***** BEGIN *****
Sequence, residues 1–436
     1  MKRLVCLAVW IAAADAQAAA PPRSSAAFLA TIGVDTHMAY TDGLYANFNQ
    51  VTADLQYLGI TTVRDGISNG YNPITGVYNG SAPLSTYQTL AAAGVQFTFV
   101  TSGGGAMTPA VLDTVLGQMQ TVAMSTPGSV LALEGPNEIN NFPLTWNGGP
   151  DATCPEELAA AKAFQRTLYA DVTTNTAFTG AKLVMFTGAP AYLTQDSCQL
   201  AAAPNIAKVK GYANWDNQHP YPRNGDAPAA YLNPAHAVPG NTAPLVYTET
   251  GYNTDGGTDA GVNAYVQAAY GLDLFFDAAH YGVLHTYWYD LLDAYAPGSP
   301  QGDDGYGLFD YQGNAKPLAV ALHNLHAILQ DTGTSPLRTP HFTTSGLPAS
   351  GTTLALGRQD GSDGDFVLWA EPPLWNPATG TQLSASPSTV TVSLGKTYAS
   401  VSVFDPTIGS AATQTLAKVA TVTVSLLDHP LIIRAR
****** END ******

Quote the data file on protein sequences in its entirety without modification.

Sequence, residues 1–436
     1  MKRLVCLAVW IAAADAQAAA PPRSSAAFLA TIGVDTHMAY TDGLYANFNQ
    51  VTADLQYLGI TTVRDGISNG YNPITGVYNG SAPLSTYQTL AAAGVQFTFV
   101  TSGGGAMTPA VLDTVLGQMQ TVAMSTPGSV LALEGPNEIN NFPLTWNGGP
   151  DATCPEELAA AKAFQRTLYA DVTTNTAFTG AKLVMFTGAP AYLTQDSCQL
   201  AAAPNIAKVK GYANWDNQHP YPRNGDAPAA YLNPAHAVPG NTAPLVYTET
   251  GYNTDGGTDA GVNAYVQAAY GLDLFFDAAH YGVLHTYWYD LLDAYAPGSP
   301  QGDDGYGLFD YQGNAKPLAV ALHNLHAILQ DTGTSPLRTP HFTTSGLPAS
   351  GTTLALGRQD GSDGDFVLWA EPPLWNPATG TQLSASPSTV TVSLGKTYAS
   401  VSVFDPTIGS AATQTLAKVA TVTVSLLDHP LIIRAR